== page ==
Taking place amidst the unforgiving riots that swept across Egypt back in 2013, where the public rose up against the government, with a military intervention separating those supporting this endeavour, and those fervently against it. To peer into this set of events, Mohamed Diab places the viewer in the back of a police truck for just under 24 hours – using this confined space, and the characters within it, as a catalyst to explore and understand the ongoing conflict, making for rich, pertinent cinematic viewing.
The first detainees are Associated Press reporters, wrongly accused on being members of the Muslim Brotherhood, and so are locked up by the uncompromising soldiers. Vying to be released, through the small windows in the back of the truck, the press manage to convince a group of rioters to help them, but instead they too find themselves thrown in. Though all seemingly of the same political movement, as the truck descends into the chaos of the streets, members of the MB are also then detained, leaving supporters from both sides alone in this confined space. Tensions are high, and violence is on the menu, though to survive, they may all need to find a way to get along in a bid to leave this truck with their freedom, and dignity, two things they’re currently without.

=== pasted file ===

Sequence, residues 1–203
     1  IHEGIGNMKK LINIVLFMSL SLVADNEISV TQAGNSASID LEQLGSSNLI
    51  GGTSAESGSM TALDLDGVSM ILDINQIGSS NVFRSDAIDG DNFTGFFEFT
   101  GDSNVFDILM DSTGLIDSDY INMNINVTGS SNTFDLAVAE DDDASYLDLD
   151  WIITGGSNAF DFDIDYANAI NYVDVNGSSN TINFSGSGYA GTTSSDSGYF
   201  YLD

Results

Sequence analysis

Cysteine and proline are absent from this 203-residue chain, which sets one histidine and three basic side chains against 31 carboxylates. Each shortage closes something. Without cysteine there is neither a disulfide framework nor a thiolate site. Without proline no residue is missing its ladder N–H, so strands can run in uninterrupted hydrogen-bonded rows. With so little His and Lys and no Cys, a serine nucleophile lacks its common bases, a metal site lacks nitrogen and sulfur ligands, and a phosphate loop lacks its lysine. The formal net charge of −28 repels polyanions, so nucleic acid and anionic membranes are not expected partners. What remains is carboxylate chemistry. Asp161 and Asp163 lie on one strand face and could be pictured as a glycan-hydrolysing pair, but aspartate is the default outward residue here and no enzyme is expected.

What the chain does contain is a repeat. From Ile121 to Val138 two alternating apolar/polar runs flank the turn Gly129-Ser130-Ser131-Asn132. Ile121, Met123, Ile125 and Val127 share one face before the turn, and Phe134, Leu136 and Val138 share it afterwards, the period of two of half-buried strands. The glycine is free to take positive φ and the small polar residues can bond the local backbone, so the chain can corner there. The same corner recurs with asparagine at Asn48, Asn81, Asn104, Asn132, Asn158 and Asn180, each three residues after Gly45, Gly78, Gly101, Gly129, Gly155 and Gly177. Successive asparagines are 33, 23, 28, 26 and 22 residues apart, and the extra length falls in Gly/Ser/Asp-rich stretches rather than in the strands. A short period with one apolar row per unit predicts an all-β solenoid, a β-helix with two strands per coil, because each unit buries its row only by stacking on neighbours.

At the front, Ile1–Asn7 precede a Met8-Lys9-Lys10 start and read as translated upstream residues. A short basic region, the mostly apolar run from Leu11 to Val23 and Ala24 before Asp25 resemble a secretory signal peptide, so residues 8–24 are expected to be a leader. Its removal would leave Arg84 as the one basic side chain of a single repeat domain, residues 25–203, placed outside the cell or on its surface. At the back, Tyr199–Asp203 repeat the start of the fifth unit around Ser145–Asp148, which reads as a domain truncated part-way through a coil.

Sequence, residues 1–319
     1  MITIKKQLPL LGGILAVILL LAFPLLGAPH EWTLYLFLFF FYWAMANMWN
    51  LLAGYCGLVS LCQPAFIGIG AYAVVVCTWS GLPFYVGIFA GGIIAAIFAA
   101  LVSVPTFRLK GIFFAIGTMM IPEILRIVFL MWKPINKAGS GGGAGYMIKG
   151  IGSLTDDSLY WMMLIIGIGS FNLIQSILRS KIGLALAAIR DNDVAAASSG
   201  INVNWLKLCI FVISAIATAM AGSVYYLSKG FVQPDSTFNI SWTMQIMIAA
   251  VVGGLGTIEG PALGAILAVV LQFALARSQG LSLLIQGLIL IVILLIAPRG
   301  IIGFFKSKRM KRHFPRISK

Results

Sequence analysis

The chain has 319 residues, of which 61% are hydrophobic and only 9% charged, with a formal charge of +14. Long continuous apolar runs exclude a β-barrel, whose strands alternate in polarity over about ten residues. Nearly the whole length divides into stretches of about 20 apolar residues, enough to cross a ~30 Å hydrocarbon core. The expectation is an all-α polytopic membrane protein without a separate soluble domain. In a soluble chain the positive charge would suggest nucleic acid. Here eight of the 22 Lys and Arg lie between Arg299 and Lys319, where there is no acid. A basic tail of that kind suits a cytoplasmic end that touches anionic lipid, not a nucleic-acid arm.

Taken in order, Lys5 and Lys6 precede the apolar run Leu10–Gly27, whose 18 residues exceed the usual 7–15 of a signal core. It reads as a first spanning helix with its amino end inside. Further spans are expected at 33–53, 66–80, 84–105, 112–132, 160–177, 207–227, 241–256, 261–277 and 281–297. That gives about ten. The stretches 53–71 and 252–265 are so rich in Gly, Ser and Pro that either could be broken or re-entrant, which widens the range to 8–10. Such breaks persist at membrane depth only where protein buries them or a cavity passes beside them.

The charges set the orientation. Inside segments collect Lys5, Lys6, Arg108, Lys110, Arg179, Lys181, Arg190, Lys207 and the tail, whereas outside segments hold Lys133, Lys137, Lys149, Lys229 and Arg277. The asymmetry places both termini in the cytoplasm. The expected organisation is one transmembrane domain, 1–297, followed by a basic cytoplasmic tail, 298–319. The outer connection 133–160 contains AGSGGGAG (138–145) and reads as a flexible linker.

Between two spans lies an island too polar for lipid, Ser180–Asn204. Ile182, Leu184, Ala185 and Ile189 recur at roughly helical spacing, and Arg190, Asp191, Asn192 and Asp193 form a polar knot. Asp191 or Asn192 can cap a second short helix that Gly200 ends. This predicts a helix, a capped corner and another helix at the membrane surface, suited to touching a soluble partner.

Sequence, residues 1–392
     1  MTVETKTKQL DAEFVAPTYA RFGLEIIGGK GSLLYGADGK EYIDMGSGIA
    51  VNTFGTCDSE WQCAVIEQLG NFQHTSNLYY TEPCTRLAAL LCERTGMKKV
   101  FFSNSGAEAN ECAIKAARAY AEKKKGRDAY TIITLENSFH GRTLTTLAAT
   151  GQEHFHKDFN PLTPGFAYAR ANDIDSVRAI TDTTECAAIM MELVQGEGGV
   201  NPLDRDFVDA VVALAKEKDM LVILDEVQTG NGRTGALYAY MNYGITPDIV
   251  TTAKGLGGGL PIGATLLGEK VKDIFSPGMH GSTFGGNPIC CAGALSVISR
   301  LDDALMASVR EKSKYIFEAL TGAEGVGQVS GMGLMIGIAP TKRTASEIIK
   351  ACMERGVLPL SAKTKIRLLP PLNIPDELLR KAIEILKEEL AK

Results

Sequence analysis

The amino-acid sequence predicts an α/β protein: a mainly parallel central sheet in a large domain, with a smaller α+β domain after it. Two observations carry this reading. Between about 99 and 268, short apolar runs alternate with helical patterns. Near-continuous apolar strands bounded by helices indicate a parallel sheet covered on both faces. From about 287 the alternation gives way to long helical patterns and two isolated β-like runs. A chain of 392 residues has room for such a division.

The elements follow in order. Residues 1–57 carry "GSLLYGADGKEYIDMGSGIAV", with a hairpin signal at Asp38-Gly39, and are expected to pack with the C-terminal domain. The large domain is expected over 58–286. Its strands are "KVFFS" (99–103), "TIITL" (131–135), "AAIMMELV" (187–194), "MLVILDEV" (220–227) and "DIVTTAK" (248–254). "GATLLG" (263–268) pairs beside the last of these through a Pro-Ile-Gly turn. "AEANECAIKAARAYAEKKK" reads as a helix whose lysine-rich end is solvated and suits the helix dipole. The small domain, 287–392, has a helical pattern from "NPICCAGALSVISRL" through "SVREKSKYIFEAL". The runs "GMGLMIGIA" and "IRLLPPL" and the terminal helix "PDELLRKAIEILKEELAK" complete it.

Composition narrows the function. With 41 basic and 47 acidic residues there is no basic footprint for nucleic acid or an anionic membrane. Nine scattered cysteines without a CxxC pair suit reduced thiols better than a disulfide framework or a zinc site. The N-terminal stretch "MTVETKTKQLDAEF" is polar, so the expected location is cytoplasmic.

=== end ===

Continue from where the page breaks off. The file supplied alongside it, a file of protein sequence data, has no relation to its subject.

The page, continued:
Given the entire film takes place in this truck, it makes for immensely claustrophobic cinema, an immersive experience as we too feel like a prisoner, and it’s unbearable to sit through at times, particularly when the MB members are initially thrown in and everybody starts fighting. We never once leave this setting, seeing the world purely from the restricted view out of the small windows, our only semblance of daylight, and connection to the world outside. Given the nature of this film though, it does feel like a stage play, and there’s a frustrating inclination to implement some superfluous melodrama, such as when one of the rioters realises his best friend has been secretly dating his sister, a needless addition, injected into a tale that is hardly lacking in tension and drama already.
Though despite the fact we’re coming into this tale with so little context, having to get to know a whole group of people, with different ideals and from different backgrounds, religions and social classes, it’s a credit to the filmmaker that by the close of play we care about each and every one, privy only to brief snippets, but so much is said through conversation that we feel as though we know more than enough.
It’s a tale that feels remarkably relevant in the present day, as with any conflict based around religion, you notice how absurd a thing it is to seperate us based purely on faith and this film thrives in such a notion. But the main thing to take away is the sheer futility of war, as we realise how similar these people are, tied together by humanity, emotions, and the will to survive. They may not share a common goal, but there are plenty of shared interests (such as football, for instance) which is what makes this such a profound, moving film, told in a gloriously simplistic, and yet creative way.
Clash is released on April 21st